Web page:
3 years ago

Detection of active fault scarps in western Peloponnese, Greece

L. Stamatopoulos, Ε. Kamberis, G. Alevizos

Publication date: Available online 13 November 2018

Source: Quaternary International

Author(s): L. Stamatopoulos, Ε. Kamberis, G. Alevizos

Abstract

This study aims at reconstructing Pleistocene slope erosion processes and transformation of relief in well-developed Pleistocene (Tyrrhenian) marine terraces along the western Peloponnese. The investigations are based on existing geological data, field observations, a selected seismic reflection profile, sedimentological analysis and radiometric dating.

Aftershock rupture segment extends for 6 km in a WNW direction. Each fault movement in an earthquake results in a sudden increase in the size of the scarp, by an amount ranging from a few centimeters to several meters.

Thrust faulting occurs on shallow dipping faults and does not commonly produce a true fault scarp, because the tip of the upper part, over the thrust block, tends to collapse, leaving a sinuous scarp that does not coincide with the fault plane. Strike-slip faulting may result in a scarp if there is a significant extensional or thrust component of motion, or if rock-types with different weathering characteristics and thickness are compared by faulting. Failing this, both active and inactive faults are often marked by a fault-line, a line of preferential erosion along the fault. The combined effects of fault motion, erosion, and sediment deposition affect the form of the scarp and the latter two will eventually eliminate it after movement on the fault ceases. If the rock erosion rates on both fault sides are known or can be assumed to be negligible, and the sediments deposited contain material that can be dated, then the magnitude of the scarp can be used to determine the age at which the scarp began to form and the long-term rate of movement on the fault. More information regarding the relative significance and rate of movement of these faults can be obtained by observing their effects on the drainage pattern in the area.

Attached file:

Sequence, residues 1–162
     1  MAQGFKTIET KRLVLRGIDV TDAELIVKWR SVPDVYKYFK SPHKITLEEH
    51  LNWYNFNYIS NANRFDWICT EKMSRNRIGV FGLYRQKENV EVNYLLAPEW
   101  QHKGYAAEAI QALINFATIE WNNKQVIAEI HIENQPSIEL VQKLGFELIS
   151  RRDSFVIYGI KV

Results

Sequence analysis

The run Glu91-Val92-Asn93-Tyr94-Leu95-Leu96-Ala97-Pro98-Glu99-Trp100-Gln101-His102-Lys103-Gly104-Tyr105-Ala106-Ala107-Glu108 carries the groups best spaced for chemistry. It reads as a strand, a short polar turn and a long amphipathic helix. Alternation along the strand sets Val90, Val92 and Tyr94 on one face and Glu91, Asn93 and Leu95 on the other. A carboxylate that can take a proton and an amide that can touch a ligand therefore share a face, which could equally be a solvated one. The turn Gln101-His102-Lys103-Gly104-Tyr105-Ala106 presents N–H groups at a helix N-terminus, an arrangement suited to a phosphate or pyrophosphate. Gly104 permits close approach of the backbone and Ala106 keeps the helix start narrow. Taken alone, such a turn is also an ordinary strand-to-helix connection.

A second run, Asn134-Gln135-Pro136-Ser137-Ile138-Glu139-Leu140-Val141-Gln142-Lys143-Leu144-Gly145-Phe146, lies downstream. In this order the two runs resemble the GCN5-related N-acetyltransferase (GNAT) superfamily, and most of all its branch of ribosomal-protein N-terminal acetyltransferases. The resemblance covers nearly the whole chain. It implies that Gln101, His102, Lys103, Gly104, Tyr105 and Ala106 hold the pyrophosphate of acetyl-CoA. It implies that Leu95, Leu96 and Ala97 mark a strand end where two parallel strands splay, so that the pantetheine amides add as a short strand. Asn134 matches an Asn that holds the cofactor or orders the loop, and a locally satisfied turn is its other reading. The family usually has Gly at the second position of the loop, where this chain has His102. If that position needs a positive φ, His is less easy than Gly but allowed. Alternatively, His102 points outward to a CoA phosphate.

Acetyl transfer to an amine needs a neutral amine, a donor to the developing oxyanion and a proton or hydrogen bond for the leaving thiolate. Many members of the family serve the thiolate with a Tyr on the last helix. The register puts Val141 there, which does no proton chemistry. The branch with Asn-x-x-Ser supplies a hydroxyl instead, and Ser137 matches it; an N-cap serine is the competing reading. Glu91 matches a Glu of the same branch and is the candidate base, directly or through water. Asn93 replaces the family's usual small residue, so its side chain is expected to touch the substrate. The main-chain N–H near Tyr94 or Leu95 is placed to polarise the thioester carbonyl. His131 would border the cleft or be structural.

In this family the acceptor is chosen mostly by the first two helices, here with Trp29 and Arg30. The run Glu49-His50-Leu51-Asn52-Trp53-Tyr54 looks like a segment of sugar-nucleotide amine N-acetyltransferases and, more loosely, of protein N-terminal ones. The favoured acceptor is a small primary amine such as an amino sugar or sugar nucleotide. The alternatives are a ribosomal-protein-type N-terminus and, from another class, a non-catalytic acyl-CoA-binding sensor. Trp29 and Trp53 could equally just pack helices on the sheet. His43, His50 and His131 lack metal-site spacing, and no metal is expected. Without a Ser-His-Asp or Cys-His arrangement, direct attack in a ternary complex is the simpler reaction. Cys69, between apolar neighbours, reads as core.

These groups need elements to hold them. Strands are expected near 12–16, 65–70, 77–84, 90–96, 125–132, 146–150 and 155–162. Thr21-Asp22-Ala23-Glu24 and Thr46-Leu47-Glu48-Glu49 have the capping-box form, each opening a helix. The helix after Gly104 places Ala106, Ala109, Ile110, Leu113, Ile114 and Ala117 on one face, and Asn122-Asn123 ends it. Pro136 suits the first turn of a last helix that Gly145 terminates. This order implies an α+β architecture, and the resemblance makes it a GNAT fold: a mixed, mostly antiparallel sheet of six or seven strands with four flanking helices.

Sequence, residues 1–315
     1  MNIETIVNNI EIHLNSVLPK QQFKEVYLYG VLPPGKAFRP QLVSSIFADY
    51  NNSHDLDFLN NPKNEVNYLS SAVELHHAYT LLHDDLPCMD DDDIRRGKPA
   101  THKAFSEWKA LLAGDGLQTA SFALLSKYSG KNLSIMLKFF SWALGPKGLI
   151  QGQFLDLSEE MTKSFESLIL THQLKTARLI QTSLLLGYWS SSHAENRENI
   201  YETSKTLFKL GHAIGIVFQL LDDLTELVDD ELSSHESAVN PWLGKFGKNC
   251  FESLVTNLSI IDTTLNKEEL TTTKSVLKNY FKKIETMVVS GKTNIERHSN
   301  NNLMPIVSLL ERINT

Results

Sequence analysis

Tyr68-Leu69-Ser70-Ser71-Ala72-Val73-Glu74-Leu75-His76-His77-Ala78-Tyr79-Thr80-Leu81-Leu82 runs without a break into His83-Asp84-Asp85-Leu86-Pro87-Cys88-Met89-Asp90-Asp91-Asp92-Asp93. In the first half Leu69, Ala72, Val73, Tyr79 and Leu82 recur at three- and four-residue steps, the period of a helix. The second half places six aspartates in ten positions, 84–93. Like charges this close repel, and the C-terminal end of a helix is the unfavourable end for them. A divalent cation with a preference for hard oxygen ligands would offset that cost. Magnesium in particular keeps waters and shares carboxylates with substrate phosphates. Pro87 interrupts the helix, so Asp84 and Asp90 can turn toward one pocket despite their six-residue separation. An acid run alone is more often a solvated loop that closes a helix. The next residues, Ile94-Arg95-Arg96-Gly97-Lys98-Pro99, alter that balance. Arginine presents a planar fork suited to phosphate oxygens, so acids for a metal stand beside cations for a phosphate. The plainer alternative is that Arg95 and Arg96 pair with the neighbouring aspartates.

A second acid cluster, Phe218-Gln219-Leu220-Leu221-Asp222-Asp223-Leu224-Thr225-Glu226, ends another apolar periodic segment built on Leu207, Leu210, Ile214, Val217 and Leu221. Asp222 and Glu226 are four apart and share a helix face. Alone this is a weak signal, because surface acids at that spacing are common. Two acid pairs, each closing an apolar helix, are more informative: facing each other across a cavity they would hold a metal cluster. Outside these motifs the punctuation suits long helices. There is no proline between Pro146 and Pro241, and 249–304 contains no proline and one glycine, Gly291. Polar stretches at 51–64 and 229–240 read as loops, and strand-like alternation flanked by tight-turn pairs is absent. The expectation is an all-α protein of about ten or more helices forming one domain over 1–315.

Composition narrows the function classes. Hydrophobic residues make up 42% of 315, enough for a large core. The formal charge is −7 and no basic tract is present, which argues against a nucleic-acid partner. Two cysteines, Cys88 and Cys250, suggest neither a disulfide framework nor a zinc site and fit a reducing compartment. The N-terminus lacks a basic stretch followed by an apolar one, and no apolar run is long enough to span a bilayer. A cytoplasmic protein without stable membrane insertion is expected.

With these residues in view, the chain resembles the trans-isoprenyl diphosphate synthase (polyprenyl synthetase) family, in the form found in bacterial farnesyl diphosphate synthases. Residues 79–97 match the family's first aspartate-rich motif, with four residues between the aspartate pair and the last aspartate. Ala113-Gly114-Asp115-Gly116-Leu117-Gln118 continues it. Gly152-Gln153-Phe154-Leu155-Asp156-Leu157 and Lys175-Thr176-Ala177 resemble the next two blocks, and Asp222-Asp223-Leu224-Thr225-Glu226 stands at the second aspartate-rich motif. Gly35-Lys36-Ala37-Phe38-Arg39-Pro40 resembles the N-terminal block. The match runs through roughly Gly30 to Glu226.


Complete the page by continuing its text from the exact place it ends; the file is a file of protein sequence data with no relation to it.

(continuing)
In particular, morphotectonic data indicate that the observed rupture segment may reflect a fault-line scarp corresponding to an old fault scarp, which belongs to the isotopic stage 7 or prior, i.e. isotopic stage 11, during the evolution of NW Peloponnese basin.

Moreover, morphotectonic data clearly shows that NW Peloponnese is characterized by a complex structural pattern and erosion process phenomena aided by human activity. This data is well-supported by seismic reflection profiles information.

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